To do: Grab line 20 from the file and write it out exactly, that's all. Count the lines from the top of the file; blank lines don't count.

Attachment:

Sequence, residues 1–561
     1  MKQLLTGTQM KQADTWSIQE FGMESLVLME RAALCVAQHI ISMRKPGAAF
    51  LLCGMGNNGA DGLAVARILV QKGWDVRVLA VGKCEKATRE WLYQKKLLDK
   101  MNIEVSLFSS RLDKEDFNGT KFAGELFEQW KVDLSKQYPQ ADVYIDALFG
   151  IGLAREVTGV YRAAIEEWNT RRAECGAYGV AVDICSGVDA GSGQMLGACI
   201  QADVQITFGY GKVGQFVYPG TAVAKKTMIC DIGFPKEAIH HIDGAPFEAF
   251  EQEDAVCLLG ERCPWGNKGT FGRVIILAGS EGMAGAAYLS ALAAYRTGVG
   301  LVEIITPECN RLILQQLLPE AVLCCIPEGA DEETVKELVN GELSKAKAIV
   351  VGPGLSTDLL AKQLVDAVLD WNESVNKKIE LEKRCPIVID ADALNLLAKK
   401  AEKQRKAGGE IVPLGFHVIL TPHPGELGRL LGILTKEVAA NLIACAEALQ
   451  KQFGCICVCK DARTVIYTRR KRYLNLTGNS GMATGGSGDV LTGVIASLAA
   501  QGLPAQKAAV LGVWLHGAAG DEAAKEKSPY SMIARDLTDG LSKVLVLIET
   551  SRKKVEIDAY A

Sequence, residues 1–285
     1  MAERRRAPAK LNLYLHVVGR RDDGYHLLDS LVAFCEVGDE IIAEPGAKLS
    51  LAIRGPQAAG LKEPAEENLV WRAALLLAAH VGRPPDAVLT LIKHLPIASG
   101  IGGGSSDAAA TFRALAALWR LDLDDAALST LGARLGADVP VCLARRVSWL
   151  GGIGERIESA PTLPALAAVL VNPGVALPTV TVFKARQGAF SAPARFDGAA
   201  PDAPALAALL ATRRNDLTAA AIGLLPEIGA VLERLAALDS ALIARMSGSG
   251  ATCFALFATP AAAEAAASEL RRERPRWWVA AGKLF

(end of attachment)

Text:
   251  ATCFALFATP AAAEAAASEL RRERPRWWVA AGKLF